Young's modulus problem

In summary, the conversation discusses the mass and orbit of the asteroid Ceres, and the task of estimating the change in length of a copper wire due to hanging a mass on it. The equations g=GM/r^2 and a=v^2/r are mentioned for reference. The discussion also touches on the concept of Young's modulus and its relevance to the problem on Ceres.
  • #1

Homework Statement


The asteriod Ceres has a mass of 1.11x10^21 kg and a diamter 772km. Ceres orbits the sun at an average distance of 414 million kilometers.
Estimate the change in length of a 2m length of thin copper wire caused by hanging a 1.5kg mass on the wire on the asteriod Ceres.
?


Homework Equations



[tex]
\begin{array}{l}
g = \frac{{GM}}{{r^2 }} \\
a = \frac{{v^2 }}{r} \\
\end{array}
[/tex]

The Attempt at a Solution



Could somebody please give me some direction on how to approach these situation. Many thanks in return,

unique_pavadrin
 
Physics news on Phys.org
  • #2
If you hung the mass from the wire on Earth, how much would the wire stretch? (Consider Young's modulus.) What's different on Ceres?
 
  • #3
Young's modulus...never heard of it, thanks ill look into it
 

1. What is Young's modulus?

Young's modulus, also known as the modulus of elasticity, is a measurement of a material's stiffness or resistance to deformation when subjected to stress. It is defined as the ratio of stress (force per unit area) to strain (change in length per unit length) and is typically expressed in units of pascals (Pa) or gigapascals (GPa).

2. How is Young's modulus determined?

You can determine Young's modulus by performing a tensile test on a material. This involves applying a known force to a sample of the material and measuring how much it stretches. From this data, you can calculate the stress and strain values and then calculate Young's modulus using the formula E = stress/strain.

3. What factors affect Young's modulus?

The main factors that affect Young's modulus are the type of material, its microstructure, and its temperature. Materials with strong intermolecular bonds, such as metals, tend to have higher Young's moduli. The microstructure of a material, including its grain size and defects, can also influence its elasticity. Additionally, the temperature of a material can affect its Young's modulus, with most materials becoming less stiff at higher temperatures.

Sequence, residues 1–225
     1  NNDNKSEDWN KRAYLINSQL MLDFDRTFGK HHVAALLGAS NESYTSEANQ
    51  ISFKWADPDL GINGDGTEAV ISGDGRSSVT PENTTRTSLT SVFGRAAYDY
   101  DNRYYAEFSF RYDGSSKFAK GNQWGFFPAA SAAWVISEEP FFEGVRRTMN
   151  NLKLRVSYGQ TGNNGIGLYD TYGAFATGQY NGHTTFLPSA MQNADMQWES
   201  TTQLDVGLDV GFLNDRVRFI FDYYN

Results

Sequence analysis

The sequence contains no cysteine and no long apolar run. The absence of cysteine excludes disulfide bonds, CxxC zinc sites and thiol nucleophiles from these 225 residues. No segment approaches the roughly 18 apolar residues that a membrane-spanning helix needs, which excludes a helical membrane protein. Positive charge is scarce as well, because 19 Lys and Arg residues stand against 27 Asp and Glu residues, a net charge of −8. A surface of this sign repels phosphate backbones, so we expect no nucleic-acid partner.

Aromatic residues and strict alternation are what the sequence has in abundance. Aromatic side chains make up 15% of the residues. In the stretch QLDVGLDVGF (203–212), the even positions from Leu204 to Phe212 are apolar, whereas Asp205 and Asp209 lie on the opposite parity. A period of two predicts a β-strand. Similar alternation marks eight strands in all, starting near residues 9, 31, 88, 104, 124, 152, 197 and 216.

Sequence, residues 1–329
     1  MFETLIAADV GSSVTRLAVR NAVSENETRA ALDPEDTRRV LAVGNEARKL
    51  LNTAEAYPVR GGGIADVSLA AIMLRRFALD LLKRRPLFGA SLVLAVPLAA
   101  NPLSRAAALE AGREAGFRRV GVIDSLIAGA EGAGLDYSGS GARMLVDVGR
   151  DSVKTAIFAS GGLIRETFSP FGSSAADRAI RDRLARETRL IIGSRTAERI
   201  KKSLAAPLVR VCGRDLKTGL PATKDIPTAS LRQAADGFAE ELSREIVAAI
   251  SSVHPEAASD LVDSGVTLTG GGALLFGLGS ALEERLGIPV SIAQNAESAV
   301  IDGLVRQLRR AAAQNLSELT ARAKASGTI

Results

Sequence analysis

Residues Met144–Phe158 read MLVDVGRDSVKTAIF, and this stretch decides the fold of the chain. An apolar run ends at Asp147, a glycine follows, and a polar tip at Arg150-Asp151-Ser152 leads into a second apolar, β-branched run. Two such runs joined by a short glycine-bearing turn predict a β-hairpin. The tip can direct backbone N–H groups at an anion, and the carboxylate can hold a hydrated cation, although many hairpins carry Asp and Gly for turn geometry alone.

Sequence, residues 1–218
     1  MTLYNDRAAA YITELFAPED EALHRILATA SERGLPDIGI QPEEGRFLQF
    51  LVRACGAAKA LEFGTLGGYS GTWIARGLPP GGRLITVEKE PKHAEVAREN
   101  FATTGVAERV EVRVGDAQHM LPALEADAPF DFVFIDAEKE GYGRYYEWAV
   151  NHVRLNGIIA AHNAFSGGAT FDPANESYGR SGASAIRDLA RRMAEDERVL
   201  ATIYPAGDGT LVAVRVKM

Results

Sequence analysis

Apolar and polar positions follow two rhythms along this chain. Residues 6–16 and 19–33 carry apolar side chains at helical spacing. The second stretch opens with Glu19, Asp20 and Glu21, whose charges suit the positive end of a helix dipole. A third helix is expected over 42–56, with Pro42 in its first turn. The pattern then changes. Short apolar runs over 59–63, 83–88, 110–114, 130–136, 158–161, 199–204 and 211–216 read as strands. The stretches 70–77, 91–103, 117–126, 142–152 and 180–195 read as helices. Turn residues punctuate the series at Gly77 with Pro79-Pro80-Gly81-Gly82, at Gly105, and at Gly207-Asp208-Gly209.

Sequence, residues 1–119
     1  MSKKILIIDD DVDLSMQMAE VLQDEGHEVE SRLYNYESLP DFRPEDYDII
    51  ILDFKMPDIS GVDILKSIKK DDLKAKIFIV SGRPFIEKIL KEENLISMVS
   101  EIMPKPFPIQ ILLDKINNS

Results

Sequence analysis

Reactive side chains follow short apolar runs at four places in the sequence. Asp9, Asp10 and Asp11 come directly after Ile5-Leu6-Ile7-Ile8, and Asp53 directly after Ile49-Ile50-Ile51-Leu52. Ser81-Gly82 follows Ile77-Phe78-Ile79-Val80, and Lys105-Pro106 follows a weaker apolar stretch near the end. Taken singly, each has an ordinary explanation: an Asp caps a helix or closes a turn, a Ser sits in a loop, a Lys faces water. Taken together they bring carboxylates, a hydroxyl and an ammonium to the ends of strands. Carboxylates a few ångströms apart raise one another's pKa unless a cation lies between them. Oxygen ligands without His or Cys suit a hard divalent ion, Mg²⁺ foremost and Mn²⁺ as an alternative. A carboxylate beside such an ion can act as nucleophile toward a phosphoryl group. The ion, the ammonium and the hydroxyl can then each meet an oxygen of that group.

4. What are some examples of materials with high and low Young's moduli?

Some examples of materials with high Young's moduli include steel, titanium, and diamond. These materials are known for their strength and stiffness, making them useful in applications that require high durability. On the other hand, materials with low Young's moduli include rubber, foam, and certain types of plastics. These materials are more flexible and have a higher capacity for deformation under stress.

5. Why is Young's modulus important in engineering and materials science?

Young's modulus is an important concept in engineering and materials science because it helps us understand how materials behave under stress and strain. It is a fundamental property that can be used to predict how a material will respond to different types of loads and how it will perform in specific applications. Engineers and scientists can use Young's modulus to select the right material for a given design, ensure structural integrity, and improve the overall performance and safety of a product or structure.

Suggested for: Young's modulus problem

Replies
17
Views
1K
Replies
2
Views
508
Replies
14
Views
1K
Replies
1
Views
766
Replies
1
Views
1K
Replies
9
Views
794
Replies
19
Views
1K
Back
Top